The Commanders started well Sunday, scoring on their opening drive with a 51-yard touchdown pass from Howell to Brian Robinson Jr., sparking a day in which Washington’s offense thrived by throwing short passes to running backs. Robinson had six receptions for 119 yards. Antonio Gibson finished with five catches for 42 yards and a touchdown. For the game, Howell completed 29 of 44 passes for 312 yards and three touchdowns. He was really good.

But the offense is still a mess. Coordinator Eric Bieniemy has his young quarterback playing better than expected, but the Commanders can’t control the time of possession with their pass-heavy aspirations. They finished with just 14 rushes in the game, 12 of them by running backs. They rushed for just 68 yards, only 51 of which came from running backs. Imbalance can be tolerated, but this performance indicated more of a stubborn indifference to running the ball against an opponent whose run defense had fallen apart.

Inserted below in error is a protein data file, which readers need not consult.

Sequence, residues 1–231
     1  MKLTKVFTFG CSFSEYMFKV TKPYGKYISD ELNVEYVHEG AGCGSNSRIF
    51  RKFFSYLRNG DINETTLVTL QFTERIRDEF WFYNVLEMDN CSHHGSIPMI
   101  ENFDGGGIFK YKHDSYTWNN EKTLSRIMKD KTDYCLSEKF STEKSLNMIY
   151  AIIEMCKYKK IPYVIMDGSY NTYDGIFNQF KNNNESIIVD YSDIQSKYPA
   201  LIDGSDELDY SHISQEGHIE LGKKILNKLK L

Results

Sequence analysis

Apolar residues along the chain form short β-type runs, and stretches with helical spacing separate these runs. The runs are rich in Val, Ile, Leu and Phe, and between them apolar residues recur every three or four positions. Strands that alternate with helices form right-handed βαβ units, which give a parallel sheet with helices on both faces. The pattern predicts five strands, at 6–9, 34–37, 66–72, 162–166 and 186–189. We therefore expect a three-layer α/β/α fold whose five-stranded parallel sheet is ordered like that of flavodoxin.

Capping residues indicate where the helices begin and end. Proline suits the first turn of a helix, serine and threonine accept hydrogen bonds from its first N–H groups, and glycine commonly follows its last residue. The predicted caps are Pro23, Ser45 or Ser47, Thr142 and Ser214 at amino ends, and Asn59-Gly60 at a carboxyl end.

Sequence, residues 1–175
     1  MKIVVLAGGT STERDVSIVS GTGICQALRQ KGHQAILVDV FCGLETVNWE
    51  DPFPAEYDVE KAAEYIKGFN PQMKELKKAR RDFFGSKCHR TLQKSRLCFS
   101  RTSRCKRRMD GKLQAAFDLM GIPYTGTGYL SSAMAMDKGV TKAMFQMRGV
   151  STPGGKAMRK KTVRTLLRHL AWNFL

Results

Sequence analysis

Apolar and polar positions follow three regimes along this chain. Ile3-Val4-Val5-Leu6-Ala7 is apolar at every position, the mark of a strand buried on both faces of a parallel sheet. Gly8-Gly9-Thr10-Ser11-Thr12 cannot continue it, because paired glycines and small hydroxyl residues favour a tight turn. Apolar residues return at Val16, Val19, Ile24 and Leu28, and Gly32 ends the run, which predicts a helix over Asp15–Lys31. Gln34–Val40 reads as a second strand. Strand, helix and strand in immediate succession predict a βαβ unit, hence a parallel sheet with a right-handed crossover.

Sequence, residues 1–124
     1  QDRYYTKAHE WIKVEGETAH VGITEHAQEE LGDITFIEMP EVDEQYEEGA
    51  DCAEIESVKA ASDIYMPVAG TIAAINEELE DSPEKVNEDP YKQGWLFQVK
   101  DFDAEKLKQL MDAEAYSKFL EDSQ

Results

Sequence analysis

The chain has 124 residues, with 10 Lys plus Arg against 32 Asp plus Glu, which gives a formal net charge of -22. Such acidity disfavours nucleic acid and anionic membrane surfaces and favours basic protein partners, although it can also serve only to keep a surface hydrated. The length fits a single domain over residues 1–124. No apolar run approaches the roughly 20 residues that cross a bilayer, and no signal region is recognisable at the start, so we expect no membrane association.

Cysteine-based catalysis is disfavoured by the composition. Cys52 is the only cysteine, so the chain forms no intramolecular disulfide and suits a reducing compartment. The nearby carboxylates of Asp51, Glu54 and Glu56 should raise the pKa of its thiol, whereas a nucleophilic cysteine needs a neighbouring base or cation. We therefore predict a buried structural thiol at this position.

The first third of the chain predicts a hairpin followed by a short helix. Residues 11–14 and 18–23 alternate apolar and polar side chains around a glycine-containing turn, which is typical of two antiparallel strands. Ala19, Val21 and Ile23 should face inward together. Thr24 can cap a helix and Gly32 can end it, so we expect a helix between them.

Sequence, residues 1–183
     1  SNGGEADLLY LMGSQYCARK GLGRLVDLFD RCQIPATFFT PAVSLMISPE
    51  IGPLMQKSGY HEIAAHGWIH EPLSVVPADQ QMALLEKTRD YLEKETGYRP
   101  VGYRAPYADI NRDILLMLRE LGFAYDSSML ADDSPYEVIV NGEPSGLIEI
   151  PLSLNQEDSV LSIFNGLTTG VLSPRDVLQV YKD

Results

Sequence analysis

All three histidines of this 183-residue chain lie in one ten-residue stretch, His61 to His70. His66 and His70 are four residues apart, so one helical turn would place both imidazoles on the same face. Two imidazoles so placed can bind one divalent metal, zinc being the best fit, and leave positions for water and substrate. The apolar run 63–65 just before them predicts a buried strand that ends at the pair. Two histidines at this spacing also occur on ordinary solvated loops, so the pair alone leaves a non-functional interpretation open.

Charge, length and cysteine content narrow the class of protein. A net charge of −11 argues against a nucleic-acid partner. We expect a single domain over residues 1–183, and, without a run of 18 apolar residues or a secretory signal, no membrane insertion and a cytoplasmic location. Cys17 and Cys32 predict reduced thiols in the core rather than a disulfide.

The Seahawks’ defense had allowed 193.3 rushing yards per game — at a clip of 5.5 yards per carry — and five rushing touchdowns over its three previous games, including Baltimore’s 298-yard rushing performance last week. But Howell dropped back to pass on 17 of the game’s first 21 plays.

That’s fine if an offense is thriving and a defense is capable of operating under the stress of being on the field. But Washington gave up 489 yards to Seattle. Quarterback Geno Smith played his best game in several weeks, throwing for 369 yards and two touchdowns without a turnover. The Seahawks also rushed for 120 yards.

“I think there were a couple of things that were inconsistent as far as opportunities to stop the run and put ourselves in better situations,” Rivera said of the defense.

Four takeaways from the Commanders’ loss to the Seahawks

After Howell tied the game with 52 seconds left, Seattle went 50 yards on seven plays. Smith did most of the damage on two passes to DK Metcalf totaling 44 yards, which put Seattle in range for Jason Myers to win it with a 43-yard field goal as time expired.